What are examples of acidic beverages and foods?
What Makes a Food or Drink Acidic?
There are many factors that go into maintaining top-shelf dental health. As much as this starts with a quality brushing and flossing regimen, you also make it easier on your mouth when you limit your level of acid-rich foods and drinks.
The pH level is what is measured when determining acidity. The lower the pH level, the more acidic the food or beverage is. As a baseline, milk has a neutral pH level of 7. Purified water is slightly below that mark at 6.7. Increased levels of acidity take a toll on tooth enamel. The longer yours is at a high acid level, the more damage (in the form of acid erosion or acid wear) can occur. Understanding the pH value of a food or drink is a critical aspect of managing acid erosion in our teeth.
Which Foods And Drinks Are Highly Acidic?
Highly acidic foods and drinks do not need to be completely avoided for the sake of dental health, but it should be emphasized that excessive consumption of these can create eventual damage to enamel. Once again, this is especially true when brushing and flossing are not done regularly. As you’ll find in the list below, some foods and beverages that are highly nutritious for our body can still be problematic in terms of acidity.
“Be careful, too much sugar will rot your teeth!” How many dozens of times did you hear this when you were a kid? It’s the truth… However, the sugar itself isn’t as much of an issue compared to the chain reaction it causes. Oral bacteria love to feed on sugars you consume. This creates acids that break down tooth enamel and cause cavities. If left untreated these cavities can penetrate deeper into the tooth, cause pain and, in some cases, tooth loss. If your sweet tooth is constantly nagging for snacks, candy, and treats, try to occasionally resist. Your teeth will love you for it.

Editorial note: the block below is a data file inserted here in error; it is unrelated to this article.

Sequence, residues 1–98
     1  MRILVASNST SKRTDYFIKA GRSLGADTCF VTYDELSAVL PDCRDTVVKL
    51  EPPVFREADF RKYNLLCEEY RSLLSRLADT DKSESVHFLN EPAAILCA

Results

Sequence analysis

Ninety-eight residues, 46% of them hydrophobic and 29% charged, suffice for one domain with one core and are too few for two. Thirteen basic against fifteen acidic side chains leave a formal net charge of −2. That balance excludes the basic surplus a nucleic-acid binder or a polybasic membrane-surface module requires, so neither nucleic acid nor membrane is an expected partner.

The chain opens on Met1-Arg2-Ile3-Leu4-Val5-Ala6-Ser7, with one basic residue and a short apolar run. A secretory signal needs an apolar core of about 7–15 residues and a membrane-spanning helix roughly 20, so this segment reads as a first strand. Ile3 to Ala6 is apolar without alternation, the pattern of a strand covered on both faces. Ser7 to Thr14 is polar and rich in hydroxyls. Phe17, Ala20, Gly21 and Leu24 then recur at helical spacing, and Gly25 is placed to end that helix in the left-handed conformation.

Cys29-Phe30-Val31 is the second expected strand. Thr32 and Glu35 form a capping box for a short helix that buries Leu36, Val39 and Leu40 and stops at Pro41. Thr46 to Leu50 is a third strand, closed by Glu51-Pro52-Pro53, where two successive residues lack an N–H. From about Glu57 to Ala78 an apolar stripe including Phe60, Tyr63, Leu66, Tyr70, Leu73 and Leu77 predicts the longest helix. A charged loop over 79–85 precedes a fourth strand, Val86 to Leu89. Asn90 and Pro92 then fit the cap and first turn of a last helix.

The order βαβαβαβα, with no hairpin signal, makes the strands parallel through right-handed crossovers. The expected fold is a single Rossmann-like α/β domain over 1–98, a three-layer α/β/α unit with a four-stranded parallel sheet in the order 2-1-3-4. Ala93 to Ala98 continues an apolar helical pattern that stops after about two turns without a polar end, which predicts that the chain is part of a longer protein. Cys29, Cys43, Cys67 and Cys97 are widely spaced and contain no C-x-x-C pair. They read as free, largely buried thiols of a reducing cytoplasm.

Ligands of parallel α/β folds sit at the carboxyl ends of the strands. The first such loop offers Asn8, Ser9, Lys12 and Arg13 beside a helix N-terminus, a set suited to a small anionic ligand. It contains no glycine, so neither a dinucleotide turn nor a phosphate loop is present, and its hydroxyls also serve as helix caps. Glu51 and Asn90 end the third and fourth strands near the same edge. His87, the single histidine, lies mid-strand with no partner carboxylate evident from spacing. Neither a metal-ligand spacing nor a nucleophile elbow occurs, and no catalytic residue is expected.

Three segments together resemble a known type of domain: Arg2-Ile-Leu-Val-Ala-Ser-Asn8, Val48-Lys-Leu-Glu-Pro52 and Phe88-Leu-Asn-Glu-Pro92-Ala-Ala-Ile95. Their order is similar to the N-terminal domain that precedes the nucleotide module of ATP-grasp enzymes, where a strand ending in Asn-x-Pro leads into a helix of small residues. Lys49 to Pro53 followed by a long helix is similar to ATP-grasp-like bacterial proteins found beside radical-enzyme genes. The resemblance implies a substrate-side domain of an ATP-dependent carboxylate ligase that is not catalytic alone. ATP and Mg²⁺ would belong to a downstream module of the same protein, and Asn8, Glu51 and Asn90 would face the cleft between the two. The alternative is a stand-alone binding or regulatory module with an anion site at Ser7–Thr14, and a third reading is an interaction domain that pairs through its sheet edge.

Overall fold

Carbonated drinks and energy drinks
Whether your soft drink of choice is regular or diet, these beverages contain acidity levels that quickly wreak havoc on tooth enamel. Tonic water, while it may not be considered a sugary beverage, can also create acid erosion with a typical pH level between 2.5 and 3.5.
While healthy for your body, the acidity in certain fruit such as lemon and oranges can wear away at tooth enamel, especially if you let them linger in your mouth for extended periods of time. Orange juice for example has a pH level typically in the range of 2.5 to 4. Any liquid with a pH level of less than 5.5 can cause damage to tooth enamel.
The oral health risks contained in your favorite morning pick-me-up predominantly lie in the tannic acids contained in coffee (and even some teas). These acids wear down tooth enamel and are also notorious for staining your teeth brown.
The key element to remember about pickles is the pickling process typically requires vinegar. Distilled white vinegar typically measures around a 2.4 pH level. As much as this brings a delightful combination of sour and salty to your standard gherkin, it also makes pickles a potential threat to healthy tooth enamel.
While honey does have health benefits over sugar, there are still high levels of natural sugars that need to be considered. The average pH of honey is 3.9. Additionally, the sticky nature of honey can make it linger around your teeth longer than your typical acidic hazard.
Remember, reducing the risks of acid erosion on your teeth comes down to a combination of governing the amount of your highly-acidic food intake and keeping your teeth clean by brushing, flossing, and regular professional cleanings.
Fargo’s Leading Restorative Dental Office
Understanding acid erosion is a key component to premium dental health. South University Dental Associates have expertise in helping you understand what foods and beverages are best in promoting a healthy smile. Whether you’re looking to fix teeth damaged by acid erosion or get the best in preventative care, a quality dentist in the Fargo-West Fargo Fargo-Moorhead area is just a phone call away. The team at South University Dental is available to offer advice, a diagnosis, or treatment as necessary.